The evolution of the proposed indicator illustrates that parallel requirements matter when assessing the available macroprudential space. The left-hand figure in Chart A above highlights that macroprudential space would have been overestimated if assessed only based on the amount of releasable capital buffers.[11] The proposed indicator of effective macroprudential space is lower in all observed periods.[12] On average, before the pandemic (2016 Q3-2019 Q4), effectively releasable buffers were 10 basis points lower than overall releasable buffers. A positive neutral CCyB of 1% is one of the options to enhance macroprudential space discussed in ECB (2022). If such a CCyB had been in place during the above-mentioned pre-pandemic period, the overall amount of releasable buffers – and therefore banks’ resilience – would have increased. However, the discrepancy between total and effectively releasable buffers would have been greater in absolute terms (on average 22 basis points, as shown in Chart A, right-hand panel).[13]

Going forward, the proposed indicator of effectively releasable capital buffers can help to inform related policy discussions and may be enhanced further. The indicator is useful for authorities wishing to assess the extent to which the macroprudential capital buffers in place are effectively releasable and hence can have the intended effect. It can also help to inform broader policy discussions on further increasing macroprudential space[14] or addressing overlaps in requirements.[15] The indicator will be easy to compute: the ECB makes the tools for its calculation available to the European Systemic Risk Board (ESRB) community by means of an updated version of the USIT toolkit.[16] Going forward, further extension of the indicator may be considered, e.g. to also consider the effects of MREL, depending on data availability.[17]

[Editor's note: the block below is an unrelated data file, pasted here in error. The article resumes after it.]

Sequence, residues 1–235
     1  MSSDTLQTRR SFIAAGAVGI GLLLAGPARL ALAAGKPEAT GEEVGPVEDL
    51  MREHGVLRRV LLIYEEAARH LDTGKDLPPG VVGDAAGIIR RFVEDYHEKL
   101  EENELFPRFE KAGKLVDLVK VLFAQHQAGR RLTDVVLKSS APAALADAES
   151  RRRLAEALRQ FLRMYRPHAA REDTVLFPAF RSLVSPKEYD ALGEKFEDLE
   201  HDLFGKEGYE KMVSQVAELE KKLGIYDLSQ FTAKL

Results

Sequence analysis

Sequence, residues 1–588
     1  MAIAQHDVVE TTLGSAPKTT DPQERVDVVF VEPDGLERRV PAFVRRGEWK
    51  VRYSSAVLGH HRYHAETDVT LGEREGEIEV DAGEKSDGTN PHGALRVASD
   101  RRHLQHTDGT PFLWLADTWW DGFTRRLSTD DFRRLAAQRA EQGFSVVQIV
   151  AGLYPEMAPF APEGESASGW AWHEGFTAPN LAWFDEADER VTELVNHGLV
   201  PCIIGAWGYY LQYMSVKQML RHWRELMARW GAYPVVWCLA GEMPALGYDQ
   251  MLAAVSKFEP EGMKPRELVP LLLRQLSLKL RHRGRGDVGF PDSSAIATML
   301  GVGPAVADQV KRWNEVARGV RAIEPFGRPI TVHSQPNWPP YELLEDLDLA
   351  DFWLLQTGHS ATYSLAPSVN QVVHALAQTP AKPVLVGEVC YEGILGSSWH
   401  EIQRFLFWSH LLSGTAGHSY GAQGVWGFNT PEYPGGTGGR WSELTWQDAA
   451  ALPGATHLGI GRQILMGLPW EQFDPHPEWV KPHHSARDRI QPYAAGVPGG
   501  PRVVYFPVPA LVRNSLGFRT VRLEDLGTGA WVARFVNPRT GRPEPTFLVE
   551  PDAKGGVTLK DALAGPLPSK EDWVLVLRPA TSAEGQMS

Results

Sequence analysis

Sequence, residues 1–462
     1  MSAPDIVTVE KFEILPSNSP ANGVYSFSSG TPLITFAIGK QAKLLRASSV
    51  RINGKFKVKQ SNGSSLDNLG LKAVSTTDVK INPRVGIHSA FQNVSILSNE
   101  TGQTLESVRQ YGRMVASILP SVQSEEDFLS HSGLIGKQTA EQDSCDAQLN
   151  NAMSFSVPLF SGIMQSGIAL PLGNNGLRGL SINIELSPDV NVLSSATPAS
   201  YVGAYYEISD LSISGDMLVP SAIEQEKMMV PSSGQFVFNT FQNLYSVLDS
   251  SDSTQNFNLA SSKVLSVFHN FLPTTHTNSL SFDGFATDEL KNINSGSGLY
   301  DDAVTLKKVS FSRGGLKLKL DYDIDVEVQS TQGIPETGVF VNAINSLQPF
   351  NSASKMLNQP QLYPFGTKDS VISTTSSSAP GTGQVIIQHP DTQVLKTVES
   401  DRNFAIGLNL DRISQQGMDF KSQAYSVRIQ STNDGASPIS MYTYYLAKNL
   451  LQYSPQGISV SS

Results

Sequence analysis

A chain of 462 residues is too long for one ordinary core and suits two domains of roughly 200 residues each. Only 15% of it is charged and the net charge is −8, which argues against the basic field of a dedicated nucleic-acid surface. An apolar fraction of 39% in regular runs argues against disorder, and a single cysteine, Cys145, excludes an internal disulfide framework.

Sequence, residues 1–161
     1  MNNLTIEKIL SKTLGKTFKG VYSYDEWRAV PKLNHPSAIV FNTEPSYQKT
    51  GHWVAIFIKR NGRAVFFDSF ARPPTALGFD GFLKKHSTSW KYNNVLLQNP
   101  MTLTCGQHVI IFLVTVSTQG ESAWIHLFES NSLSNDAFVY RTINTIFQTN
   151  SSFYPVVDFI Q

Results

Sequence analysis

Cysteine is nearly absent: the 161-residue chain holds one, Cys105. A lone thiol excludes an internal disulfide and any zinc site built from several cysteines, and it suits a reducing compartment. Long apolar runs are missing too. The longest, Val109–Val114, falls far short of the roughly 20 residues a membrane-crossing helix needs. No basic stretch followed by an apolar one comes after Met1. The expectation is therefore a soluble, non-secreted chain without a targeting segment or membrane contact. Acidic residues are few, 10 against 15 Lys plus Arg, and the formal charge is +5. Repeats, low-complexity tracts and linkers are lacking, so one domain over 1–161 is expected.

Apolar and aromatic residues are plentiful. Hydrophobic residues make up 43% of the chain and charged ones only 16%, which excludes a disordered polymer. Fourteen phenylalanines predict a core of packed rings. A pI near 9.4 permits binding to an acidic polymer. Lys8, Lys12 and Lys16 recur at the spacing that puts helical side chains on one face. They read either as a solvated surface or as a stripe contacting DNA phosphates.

Importantly, this focus article only considers constraints on effective macroprudential space stemming from the application of the leverage ratio. In practice, there are also other factors that can constrain the full use of capital released under the risk-based framework. For example, banks generally wish to maintain a safety margin on top of minimum requirements. The safety margin tends to increase in more challenging macro-financial conditions and thus has the potential to trigger procyclical adjustments by banks.[18] In addition, market pressure, fear of rating downgrades, or anticipation of future buffer reinstatement may constrain banks’ willingness to accept a decline in capital ratios, particularly when they are already at lower levels.[19] Thus, even the measure of effectively releasable buffers presented in this article may still overestimate the amount of effectively available macroprudential space. Authorities may wish to take this account when deciding on the calibration of releasable buffers.